koinonayami
The Pain of Love / Love Troubles Scroll

恋の悩み is a Japanese title that refers to anyone having love troubles (experiencing the pain of love).


Note: Because this selection contains some special Japanese Hiragana characters, it should be written by a Japanese calligrapher.

The Pain of Separation from Your Loves

 ài bié lí kǔ
 ai betsu ri ku
The Pain of Separation from Your Loves Scroll

愛別離苦 is a Buddhist term that refers to “the pain of separation from loved ones,” or “the suffering of being separated from those whom one loves.”

If you translate each character separately, you get, “love(s) separated [and] departed [yields] pain.”

The pain character can also be defined as anguish; suffering; distress; anxiety; worry; trouble; difficulty; hardship; bitterness; to suffer; anguish; distress; anxiety; worry; trouble; difficulty; bitterness; unhappiness; or misery.

Pain is Weakness Leaving the Body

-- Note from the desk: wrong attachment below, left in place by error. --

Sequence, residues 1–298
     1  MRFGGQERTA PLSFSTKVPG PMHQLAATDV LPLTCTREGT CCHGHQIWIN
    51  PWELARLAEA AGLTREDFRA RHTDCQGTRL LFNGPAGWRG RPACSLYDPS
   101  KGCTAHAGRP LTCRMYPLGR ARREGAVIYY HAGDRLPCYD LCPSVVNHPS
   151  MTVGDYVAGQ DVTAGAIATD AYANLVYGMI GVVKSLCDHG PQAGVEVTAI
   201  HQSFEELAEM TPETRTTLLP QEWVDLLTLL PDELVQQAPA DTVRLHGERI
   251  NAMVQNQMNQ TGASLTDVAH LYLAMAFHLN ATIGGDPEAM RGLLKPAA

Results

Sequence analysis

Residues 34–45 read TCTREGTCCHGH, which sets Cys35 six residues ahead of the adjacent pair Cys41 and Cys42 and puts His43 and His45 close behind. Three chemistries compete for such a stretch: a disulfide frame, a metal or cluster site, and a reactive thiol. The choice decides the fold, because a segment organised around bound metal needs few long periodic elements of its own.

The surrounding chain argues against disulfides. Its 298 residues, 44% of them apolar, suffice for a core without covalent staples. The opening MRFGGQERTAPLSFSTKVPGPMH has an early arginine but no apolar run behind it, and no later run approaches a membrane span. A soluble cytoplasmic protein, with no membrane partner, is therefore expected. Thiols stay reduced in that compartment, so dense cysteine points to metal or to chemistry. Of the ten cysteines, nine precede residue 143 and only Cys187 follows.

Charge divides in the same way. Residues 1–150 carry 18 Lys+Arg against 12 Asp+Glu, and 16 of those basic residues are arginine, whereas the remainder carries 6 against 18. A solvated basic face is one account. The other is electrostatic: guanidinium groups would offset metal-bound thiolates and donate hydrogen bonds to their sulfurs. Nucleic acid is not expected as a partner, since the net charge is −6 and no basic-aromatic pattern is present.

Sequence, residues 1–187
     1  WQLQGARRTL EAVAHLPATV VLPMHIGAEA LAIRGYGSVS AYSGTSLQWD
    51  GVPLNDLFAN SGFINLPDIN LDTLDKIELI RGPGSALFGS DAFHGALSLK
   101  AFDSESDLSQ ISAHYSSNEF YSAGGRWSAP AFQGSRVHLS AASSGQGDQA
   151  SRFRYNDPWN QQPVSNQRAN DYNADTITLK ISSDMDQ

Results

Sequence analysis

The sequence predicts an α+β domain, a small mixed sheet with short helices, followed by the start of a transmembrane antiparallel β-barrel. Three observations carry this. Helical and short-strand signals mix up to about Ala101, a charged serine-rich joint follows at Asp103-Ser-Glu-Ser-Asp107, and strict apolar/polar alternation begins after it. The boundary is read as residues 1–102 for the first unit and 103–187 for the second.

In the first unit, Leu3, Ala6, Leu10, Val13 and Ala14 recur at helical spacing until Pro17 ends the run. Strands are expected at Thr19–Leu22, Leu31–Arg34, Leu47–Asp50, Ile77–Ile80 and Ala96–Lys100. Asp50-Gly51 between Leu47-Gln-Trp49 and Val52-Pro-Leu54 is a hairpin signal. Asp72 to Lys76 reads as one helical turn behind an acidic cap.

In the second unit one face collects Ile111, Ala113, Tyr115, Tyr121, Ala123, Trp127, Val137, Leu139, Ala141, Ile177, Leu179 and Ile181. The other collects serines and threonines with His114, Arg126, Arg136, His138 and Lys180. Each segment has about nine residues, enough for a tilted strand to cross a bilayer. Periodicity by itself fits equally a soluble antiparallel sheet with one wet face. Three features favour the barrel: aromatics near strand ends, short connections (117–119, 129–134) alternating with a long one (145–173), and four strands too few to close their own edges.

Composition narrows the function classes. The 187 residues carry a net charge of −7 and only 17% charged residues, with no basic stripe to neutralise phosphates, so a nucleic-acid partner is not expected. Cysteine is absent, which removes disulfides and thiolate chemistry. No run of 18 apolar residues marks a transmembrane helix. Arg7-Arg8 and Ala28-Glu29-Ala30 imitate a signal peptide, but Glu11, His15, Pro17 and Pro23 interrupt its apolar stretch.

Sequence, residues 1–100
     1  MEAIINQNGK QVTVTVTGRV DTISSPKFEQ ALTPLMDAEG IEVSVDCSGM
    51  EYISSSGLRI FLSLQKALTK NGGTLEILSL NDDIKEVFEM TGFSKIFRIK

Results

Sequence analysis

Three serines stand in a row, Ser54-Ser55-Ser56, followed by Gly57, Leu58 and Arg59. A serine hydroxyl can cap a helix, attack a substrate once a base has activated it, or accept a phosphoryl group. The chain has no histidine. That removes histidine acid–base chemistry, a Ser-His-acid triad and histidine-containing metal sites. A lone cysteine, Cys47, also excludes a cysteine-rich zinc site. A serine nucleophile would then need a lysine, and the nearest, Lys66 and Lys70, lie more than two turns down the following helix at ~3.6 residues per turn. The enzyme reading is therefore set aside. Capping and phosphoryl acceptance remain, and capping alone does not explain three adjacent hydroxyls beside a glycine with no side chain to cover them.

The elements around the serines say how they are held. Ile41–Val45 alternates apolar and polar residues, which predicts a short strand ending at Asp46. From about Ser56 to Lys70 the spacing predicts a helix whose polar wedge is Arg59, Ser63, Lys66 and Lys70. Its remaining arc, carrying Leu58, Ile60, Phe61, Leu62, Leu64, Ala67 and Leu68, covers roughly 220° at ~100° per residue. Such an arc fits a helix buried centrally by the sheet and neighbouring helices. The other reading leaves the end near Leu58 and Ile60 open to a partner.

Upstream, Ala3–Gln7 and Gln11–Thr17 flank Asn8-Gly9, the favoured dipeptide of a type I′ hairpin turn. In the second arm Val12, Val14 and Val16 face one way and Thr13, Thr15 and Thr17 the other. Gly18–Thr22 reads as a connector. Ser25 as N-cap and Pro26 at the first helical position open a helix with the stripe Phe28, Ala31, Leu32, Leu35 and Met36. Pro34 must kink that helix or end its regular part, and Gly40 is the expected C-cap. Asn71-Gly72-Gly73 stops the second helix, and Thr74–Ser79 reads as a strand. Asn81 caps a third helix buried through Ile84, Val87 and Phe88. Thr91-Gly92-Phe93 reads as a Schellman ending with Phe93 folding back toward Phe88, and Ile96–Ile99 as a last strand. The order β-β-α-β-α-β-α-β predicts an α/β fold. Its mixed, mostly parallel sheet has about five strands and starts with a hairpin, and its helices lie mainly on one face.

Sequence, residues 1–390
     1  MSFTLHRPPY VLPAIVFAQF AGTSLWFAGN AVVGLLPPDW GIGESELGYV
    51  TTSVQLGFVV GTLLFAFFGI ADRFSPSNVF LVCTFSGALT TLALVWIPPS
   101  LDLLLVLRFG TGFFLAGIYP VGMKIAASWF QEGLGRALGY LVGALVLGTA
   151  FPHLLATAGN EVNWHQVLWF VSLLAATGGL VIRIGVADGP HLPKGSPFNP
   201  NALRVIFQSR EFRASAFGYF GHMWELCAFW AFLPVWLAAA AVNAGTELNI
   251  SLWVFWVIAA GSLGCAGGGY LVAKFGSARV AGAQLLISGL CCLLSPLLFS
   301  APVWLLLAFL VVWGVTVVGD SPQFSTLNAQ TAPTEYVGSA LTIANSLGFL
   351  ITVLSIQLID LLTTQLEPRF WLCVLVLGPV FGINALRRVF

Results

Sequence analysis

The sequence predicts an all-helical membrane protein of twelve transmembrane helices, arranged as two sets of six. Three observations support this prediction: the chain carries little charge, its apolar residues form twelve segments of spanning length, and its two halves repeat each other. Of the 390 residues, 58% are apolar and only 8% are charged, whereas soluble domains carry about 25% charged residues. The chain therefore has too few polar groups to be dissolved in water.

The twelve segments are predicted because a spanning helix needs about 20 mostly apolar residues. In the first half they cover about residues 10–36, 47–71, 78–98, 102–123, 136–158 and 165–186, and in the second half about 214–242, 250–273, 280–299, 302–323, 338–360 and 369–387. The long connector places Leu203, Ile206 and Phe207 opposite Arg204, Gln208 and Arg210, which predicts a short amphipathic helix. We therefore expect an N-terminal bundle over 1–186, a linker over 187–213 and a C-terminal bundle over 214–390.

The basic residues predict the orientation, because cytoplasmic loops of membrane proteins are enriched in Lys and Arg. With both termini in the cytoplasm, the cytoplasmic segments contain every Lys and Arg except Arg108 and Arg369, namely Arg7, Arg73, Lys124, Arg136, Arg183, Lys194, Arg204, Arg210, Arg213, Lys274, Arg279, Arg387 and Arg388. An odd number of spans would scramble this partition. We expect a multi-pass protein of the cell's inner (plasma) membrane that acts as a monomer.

téng tòng jiù shì shuāi ruò lí nǐ ér qù de shí hòu
Pain is Weakness Leaving the Body Scroll

I remember this being shouted a lot during U.S. Marine Corps boot camp. 疼痛就是衰弱離你而去的時候 is how to write that phrase in Chinese. At least, this is as close as we could compose/translate it, and hold the full original meaning and connotations.

The version shown here is really, “Pain is weakness leaving your body.” Although it's said in English both ways (the or your), it works better in Chinese with “your.”

Pain is Weakness Leaving the Body

 itami wa karada kara nukeru yowasa
Pain is Weakness Leaving the Body Scroll

痛みは体から抜ける弱さ is how to write “pain is weakness leaving the body” in Japanese.

I remember this being shouted a lot during U.S. Marine Corps boot camp.


Note: Because this selection contains some special Japanese Hiragana characters, it should be written by a Japanese calligrapher.

 wú tòng
 mutsuu
Painless Scroll

無痛 is the Chinese, Japanese Kanji, and old Korean Hanja for painless or without pain.

無痛 is not a common title for a wall scroll, so select this only if it has a deep personal meaning to you.

There is no pleasure without pain

No pain, no gain

 ku wa raku no tane
There is no pleasure without pain Scroll

苦は楽の種 is a Japanese proverb that means “One cannot have pleasure without pain.”

It's one of a few Japanese ways to say, “No pain, no gain.”


Note: Because this selection contains some special Japanese Hiragana characters, it should be written by a Japanese calligrapher.